Document Type

Article

Publication Date

6-11-2011

Publication Title

Personal and Ubiquitous Computing

Abstract

Research involving tangible interaction and children has often focused on how tangibles might sup- port or improve learning compared to more traditional methods. In this paper, we review three of our research studies involving tangible computer programming that have addressed this question in a variety of learning environments with a diverse population of children. Through these studies, we identify situations in which tangible interaction seems to offer advantages for learning; how- ever, we have also identify situations in which tangible interaction proves less useful and an alternative interaction style provides a more appropriate medium for learning. Thus, we advocate for a hybrid approach—one that offers teachers and learners the flexibility to select the most appropriate interaction style to meet the needs of a specific situation.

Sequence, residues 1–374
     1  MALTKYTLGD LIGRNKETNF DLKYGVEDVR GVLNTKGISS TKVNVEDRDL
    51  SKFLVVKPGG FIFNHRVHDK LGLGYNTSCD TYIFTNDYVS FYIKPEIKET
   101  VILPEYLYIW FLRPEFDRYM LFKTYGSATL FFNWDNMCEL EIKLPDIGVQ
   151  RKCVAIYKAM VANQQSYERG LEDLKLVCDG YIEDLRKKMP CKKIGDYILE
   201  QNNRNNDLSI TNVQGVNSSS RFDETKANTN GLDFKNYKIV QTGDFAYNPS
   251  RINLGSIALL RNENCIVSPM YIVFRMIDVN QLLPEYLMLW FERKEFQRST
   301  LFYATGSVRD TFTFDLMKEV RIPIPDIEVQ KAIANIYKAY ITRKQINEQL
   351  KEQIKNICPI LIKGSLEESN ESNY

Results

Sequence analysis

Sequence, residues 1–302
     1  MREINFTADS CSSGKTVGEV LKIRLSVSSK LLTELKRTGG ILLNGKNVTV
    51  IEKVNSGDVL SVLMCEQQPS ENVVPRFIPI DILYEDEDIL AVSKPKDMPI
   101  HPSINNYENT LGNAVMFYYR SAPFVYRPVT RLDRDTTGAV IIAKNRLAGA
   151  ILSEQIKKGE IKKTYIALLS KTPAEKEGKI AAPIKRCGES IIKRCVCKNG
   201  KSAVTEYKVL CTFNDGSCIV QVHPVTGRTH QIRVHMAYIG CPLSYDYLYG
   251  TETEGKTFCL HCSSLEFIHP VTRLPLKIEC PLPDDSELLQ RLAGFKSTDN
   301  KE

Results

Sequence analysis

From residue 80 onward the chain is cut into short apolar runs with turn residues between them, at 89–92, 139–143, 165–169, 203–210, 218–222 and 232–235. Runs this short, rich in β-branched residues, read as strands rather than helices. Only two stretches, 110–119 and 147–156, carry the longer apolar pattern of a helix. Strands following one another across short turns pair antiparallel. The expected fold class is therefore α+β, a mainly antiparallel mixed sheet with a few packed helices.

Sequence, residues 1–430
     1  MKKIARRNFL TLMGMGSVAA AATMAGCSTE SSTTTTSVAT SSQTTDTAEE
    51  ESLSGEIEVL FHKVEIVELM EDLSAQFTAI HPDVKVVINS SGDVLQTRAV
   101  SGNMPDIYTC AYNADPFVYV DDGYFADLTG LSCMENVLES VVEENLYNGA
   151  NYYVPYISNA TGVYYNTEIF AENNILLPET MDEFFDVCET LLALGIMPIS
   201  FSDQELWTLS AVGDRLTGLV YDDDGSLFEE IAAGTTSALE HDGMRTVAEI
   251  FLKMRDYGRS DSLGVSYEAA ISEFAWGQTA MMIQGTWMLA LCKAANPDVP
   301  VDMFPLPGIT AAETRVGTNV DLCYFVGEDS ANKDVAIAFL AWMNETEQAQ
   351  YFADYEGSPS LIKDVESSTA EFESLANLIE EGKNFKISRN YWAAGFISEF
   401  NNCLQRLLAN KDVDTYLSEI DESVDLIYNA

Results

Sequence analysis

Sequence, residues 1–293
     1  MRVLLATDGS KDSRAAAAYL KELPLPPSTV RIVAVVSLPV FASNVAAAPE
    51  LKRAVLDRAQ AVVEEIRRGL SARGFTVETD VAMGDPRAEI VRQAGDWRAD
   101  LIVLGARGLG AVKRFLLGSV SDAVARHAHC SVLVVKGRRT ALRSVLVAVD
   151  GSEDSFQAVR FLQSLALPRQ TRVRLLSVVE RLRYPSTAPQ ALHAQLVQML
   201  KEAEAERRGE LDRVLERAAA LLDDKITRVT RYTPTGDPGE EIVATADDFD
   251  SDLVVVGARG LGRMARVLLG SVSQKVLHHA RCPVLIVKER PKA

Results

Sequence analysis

Keywords

Tangible interaction, TUIs, Hybrid tangible interface, Computer programming, Education, Children, Robotics

Volume

16

Issue

3

First Page

379

Last Page

389

DOI

10.1007/s00779-011-0404-2

Creative Commons License

Creative Commons Attribution 4.0 License
This work is licensed under a Creative Commons Attribution 4.0 License.

Share

COinS
 
 

To view the content in your browser, please download Adobe Reader or, alternately,
you may Download the file to your hard drive.

NOTE: The latest versions of Adobe Reader do not support viewing PDF files within Firefox on Mac OS and if you are using a modern (Intel) Mac, there is no official plugin for viewing PDF files within the browser window.